Historical Marker #1347 commemorates Freetown Church, which is located near Gamaliel, Kentucky, in Monroe County.
The church was built in the late 1840s by three former slaves who had been freed by their owner, William Howard. Howard had migrated to Monroe County, Kentucky, from North Carolina in 1802. There, he purchased a large amount of farmland. Like many large landowners during this era, Howard owned slaves who worked his fields.
Due to a variety of reasons, some slaveholders grew disillusioned with the institution. Some had become slave owners by inheritance. Growing hateful of the institution's effect on both them and their slaves, they emancipated their bonds people. Some owners made provisions for their emancipated slaves to immigrate to a free state; others requested that the freedmen colonize to Africa; while others, like Howard, allowed them to remain near their former slave homes.
When Howard freed his slaves in the 1840s, he provided each of them with a small parcel of land. The church was eventually built near these properties. The emancipated slaves established Freetown, the first African American settlement in Monroe County. Understanding the importance of religion in building a strong community, Howard's former slaves, including George Pipkin, Albert Howard, and Peter West, built the log church structure, Freetown Church, which stands to this day.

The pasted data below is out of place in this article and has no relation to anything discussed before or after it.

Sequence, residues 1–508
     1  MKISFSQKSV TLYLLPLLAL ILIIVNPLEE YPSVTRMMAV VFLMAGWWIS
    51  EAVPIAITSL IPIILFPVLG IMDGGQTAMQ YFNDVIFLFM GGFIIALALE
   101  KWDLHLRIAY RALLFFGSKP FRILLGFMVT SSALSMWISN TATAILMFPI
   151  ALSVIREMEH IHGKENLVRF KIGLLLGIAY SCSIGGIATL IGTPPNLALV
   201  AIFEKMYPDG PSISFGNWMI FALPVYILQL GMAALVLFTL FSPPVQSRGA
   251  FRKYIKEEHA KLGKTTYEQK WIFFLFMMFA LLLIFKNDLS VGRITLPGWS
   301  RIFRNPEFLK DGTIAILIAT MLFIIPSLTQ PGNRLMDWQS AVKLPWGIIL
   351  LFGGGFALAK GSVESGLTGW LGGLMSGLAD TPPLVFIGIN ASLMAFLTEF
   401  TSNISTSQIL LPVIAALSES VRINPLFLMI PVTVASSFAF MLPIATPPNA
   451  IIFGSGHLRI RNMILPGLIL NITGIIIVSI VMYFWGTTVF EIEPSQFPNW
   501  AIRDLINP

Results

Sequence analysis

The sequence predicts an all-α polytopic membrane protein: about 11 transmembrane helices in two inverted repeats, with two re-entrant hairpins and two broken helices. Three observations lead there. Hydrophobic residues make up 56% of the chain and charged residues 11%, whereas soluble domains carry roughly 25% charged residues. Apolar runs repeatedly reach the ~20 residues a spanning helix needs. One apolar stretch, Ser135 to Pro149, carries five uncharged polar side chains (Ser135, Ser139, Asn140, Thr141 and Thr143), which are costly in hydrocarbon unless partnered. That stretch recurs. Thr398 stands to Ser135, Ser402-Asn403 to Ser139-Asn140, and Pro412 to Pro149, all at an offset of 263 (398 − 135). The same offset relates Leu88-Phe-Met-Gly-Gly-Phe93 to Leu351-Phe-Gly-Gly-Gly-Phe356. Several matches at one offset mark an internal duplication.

During the antebellum years, slaves and free African Americans in the South often worshipped in segregated areas of white congregations. When allowed, however, they more often chose to experience religious fellowship on their own terms, in their own style, and in their own buildings. These shared spiritual experiences built close knit communities and promoted a sense of solidarity and security. In addition, church buildings in African American hamlets also served as school buildings. The Freetown Church was also a school.
Now known as the Mount Vernon African Methodist Episcopal Church, the building was placed on the National Register of Historic Places in 1977.